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Gut bacteria professor wins research communication award

Navne — UCPH professor Oluf Borbye Pedersen wins the research communication Forskningskommunikationprisen for his enthusiasm in communicating his research into the countless health-friendly gut bacteria. The prize was awarded on 20th April by Minister Søren Pind.

Adult humans have about 50,000,000,000,000 bacteria in the intestine. Ten years ago, scientists did not know which ones they were, and their purpose was shrouded in uncertainty, because the majority of bacterial species cannot be grown in a petri dish in the laboratory.

However, professor Oluf Borbye Pedersen and a number of fellow researchers at home and abroad have shown, with DNA-based techniques, that the intestinal bacteria constitute a community in themselves that appears to be of great importance to our health and to the risk of a number of diseases.

Borbye Pedersen is the recipient of the year’s Forskningskommunikationsprisen, which he receives for his engaging dissemination to the general public of his field of research. He does this in interviews for radio, newspapers and TV; lectures, featured articles, books and museum exhibitions. The communication is based on his more than 800 scientific papers.

Oluf Borbye Pedersen and his research colleagues examine whether the new findings in the chemical factory of the gut flora can contribute to the future prevention and treatment of complex diseases such as diabetes, obesity, cardiovascular diseases, schizophrenia, sclerosis and anorexia.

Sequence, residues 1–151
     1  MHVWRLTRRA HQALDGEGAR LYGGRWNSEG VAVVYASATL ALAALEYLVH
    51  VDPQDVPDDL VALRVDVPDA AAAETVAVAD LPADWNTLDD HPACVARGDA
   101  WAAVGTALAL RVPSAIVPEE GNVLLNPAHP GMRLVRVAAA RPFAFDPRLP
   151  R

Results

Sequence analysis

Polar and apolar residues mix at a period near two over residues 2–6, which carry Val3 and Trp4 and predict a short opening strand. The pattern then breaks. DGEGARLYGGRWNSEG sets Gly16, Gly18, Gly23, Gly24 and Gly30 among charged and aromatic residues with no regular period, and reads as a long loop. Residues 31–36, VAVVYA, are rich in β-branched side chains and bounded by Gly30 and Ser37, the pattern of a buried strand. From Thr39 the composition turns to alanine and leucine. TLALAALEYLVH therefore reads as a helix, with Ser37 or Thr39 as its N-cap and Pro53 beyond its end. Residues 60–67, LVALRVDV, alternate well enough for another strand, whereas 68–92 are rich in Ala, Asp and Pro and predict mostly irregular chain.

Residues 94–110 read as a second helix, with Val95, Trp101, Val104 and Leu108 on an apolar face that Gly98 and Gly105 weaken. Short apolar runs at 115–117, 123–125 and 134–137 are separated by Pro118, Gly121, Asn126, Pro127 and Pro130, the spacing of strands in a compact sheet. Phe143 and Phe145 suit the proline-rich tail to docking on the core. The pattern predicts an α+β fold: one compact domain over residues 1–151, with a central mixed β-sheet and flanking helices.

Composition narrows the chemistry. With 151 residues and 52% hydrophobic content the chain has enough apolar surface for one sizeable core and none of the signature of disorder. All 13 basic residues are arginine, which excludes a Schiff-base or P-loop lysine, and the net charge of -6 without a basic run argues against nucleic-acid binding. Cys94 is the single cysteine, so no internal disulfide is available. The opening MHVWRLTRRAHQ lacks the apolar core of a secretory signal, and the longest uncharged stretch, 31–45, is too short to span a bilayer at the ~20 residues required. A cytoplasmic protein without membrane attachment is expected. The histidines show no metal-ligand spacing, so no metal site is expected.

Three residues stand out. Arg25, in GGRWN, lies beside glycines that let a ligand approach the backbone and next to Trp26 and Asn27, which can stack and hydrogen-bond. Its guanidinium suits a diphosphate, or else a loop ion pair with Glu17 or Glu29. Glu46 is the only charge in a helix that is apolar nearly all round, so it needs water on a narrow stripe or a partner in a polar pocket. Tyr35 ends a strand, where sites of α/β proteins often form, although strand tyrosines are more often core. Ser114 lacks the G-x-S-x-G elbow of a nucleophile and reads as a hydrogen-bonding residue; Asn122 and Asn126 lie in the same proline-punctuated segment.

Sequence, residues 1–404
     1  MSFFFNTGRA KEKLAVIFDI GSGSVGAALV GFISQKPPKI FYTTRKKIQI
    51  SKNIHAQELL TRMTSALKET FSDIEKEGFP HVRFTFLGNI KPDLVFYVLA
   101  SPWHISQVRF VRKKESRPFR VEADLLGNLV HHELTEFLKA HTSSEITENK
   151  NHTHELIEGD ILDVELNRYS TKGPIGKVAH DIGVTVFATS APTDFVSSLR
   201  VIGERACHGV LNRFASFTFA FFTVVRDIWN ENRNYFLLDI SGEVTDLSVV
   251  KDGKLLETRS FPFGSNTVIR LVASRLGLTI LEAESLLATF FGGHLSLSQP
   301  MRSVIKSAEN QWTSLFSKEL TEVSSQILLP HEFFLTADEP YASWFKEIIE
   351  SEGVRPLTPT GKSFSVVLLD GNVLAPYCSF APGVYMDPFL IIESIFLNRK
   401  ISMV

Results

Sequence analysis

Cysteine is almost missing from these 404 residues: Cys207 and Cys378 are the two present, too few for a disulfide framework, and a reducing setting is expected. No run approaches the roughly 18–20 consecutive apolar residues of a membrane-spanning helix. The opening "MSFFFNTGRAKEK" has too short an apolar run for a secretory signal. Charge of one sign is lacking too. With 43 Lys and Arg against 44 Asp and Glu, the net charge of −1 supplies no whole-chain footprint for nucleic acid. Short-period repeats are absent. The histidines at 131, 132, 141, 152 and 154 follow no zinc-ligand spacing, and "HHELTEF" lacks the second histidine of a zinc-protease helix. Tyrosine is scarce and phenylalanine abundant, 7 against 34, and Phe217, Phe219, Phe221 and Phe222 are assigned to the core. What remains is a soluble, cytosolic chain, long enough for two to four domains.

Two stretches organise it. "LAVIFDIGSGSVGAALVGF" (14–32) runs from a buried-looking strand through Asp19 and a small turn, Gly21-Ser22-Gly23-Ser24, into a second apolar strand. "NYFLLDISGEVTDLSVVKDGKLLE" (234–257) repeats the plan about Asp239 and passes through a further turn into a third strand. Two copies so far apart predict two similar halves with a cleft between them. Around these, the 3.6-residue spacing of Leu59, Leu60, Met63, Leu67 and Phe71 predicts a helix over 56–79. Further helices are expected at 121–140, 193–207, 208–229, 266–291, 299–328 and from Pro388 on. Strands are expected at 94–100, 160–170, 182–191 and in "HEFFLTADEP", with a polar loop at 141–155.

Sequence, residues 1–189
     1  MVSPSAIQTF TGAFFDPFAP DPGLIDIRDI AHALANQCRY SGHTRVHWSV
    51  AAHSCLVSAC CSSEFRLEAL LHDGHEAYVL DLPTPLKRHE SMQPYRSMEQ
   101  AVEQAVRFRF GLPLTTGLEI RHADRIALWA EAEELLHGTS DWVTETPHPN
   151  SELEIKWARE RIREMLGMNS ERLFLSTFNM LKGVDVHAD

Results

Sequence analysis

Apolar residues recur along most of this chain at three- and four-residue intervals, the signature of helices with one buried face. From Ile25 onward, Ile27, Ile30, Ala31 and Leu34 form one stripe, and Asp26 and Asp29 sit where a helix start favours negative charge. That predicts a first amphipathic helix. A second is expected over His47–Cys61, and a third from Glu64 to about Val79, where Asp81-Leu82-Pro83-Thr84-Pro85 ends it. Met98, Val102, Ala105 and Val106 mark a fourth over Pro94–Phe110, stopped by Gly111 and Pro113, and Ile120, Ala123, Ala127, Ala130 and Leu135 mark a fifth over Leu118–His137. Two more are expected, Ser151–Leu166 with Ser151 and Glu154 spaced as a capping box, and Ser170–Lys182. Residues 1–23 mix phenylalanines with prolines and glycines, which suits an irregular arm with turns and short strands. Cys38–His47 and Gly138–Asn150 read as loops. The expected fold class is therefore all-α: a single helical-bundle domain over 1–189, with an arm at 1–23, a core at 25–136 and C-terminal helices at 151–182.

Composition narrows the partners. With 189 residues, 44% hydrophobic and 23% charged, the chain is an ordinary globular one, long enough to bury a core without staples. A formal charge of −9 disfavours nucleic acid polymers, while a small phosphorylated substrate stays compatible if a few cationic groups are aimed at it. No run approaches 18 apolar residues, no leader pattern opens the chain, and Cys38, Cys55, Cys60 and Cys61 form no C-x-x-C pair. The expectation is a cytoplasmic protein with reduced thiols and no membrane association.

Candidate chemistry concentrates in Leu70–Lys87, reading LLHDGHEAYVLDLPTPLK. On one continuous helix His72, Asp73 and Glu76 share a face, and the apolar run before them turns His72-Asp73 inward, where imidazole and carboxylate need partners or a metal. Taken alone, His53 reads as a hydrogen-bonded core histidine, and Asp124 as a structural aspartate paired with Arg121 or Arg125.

Minister: “Oluf Borbye Pedersen is a first class example”

The research communication prize

· The research communication prize is awarded annually to a researcher who, through his/her communication, is able to raise wider awareness about his research.

· The prize winner receives DKK 100,000.

· The Minister for Higher Education and Research awards the prize during the Festival of Research on the basis of a recommendation from the Danish Council for Independent Research (DFF)| Culture and Communication that evaluates the submitted nominations.

· The candidates nominated are assessed in the light of the following criteria:

· The ability to engage audiences outside the scientific community while maintaining a high level of professionalism in research and dissemination.

· The ability to improve understanding of the impact of research on society through dissemination

· The ability to communicate in an inclusive and dialogical manner, thus contributing to a positive interaction between science and the rest of society.

The award ceremony took place at a debate event on how to get more scientific facts into the news media and qualify the public debate. Minister of Research Søren Pind ran the show. About Oluf Borbye Pedersen he says in a press release:

“Behind the many thousand hours in the lab are many important stories that can excite, make us smarter, and give us new insights. It is important to get new knowledge out to us all. Oluf Borbye Pedersen is a first-class example of a researcher who actively makes an effort to get his research findings out to the general public. Today we pay tribute to his great work. ”

Oluf Borbye Pedersen acknowledges the prize:

“I am very grateful and pleased with the recognition. In fact, I think that the dissemination of scientific insight to the ‘Danish family’ should be a natural part of the work of any scientist. But it is not always straightforward to move out of your professional comfort zone and use a non-scientific and perhaps simplified language to entice the listener/reader into an enchanting, but extremely complex scientific universe. “You have got to want to adapt and be inclusive. Just as if you ask a classic Rachmaninov virtuoso play a catchy tune,” says Oluf Borbye Pedersen about communicating complex science to TV viewers”.

In the discussion panel was the Weekendavisen newspaper editor-in-chief Martin Krasnik, Professor Maja Horst, chief editor of BT/MetroXpress Michael Dyrby and Oluf Borbye Pedersen.

The prize was awarded on 20th April.